Couples with children who live in de facto relationships have much higher rates of breakdown

Couples with children who live in de facto relationships have much higher rates of breakdown

Children of unmarried parents, in other words, are born into relationships with a high likelihood of instability

Part of the explanation for the increase in children experiencing their parents living apart is a growth in the proportion of children born to lone mothers. In 2005, the latest data we have, 13% were born to lone mothers. This compares with 3.8% of children born between 1976 and 1980, demonstrating the extent and rapidity of social change, notwithstanding the widespread availability of contraception and abortion.

The odds of a de facto couple with children breaking up is more than seven times as high as a married couple who had not lived together before marriage, and more than four times as high as those who had lived together but went on to marry.4 Marriage matters. It has a profoundly stabilising influence on relationships.

This is consistent with the overseas evidence. Data from the Fragile Families study in the US found that parental separation by the time the child was 3, was five times greater for children born to cohabiting than married parents. Differences in financial wellbeing and family characteristics between cohabiting and married parents explained some of the difference, but after controlling for race, ethnicity, education, economic factors, family characteristics and an extensive set of other covariates, parents who were cohabiting at their child’s birth still had over two and a half times the risk of separating compared with parents who were married at their child’s birth.

Findings from the Millennium Cohort Study in Britain, initially comprising a cohort of 18,000 mothers who gave birth during 2000 or 2001, are similar. Again, after controlling for confounding factors, cohabiting couples are consistently 2 to 2.5 times more likely to split up compared to their married counterparts, across all income groups, by their child’s fifth birthday.5

More recently, Bzostek and Berger, analysing data from the Fragile Families study, have found that “children born to unily structure transitions by age 9, with approximately one-half experiencing two or more transitions and approximately one-quarter experiencing three or more transitions by that time”.

In summary, the zweisam que es explanation for the massive increase in the proportions of Australian children who do not reach the age of 15 in an intact family with both of their biological parents is two-fold. First, more and more children are being born to single mothers who are neither married nor living in a cohabiting de facto relationship. Secondly, as the proportion of the population who live together outside marriage has increased relative to the married population, and as more and more de facto couples have children outside marriage, so the chances of the parents still being together by the time the child reaches 15 have substantially diminished.6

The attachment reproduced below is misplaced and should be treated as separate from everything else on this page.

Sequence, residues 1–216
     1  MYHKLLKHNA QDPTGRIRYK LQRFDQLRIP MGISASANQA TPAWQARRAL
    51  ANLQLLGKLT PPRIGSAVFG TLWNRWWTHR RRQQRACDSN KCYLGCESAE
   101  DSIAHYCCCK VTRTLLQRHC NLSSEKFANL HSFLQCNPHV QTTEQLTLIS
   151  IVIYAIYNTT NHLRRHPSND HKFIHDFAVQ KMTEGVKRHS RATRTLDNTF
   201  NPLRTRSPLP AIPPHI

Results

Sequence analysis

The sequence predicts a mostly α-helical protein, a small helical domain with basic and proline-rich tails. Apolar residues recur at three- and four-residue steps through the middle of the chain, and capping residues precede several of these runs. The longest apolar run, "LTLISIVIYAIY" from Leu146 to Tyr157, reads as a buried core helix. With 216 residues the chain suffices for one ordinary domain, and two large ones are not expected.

Mental health

There is now a lot of evidence that the instability of family life is having an adverse effect on the mental health of children and young people. While adverse trends are not observable in every study, there is some compelling evidence now that adolescent mental health problems have been increasing significantly over time. Yes, teenagers have always suffered from depression, other forms of psychological distress, and illnesses such as anorexia; but just not in the numbers we are seeing now.

Why? Of course there are many reasons. This is a complex subject and I don’t want to be simplistic at all; but the evidence suggests that family breakdown is a significant contributing factor.

One important study was published in 2010. In this US study, researchers conducted the most comprehensive analysis to date of data collected through the widely used Minnesota Multiphasic Personality Inventory (MMPI) test. The researchers examined data collected from college students between 1938 and 2007. They found that each generation had experienced poorer mental health than the previous one. At least five times as many college students in 2007 as in 1938 had measures indicating psychopathology on the various elements included in that test. These included measures of hypomania, schizophrenia, psychopathic deviation, paranoia and depression. On many of these measures, by 2007, the increases were dramatic. This substantial increase in mental disorders was clear even after controlling for a greater willingness over time to acknowledge the presence of mental health issues. The researchers noted that their findings might actually underestimate the increase in psychopathology, given the numbers of Americans taking antidepressants.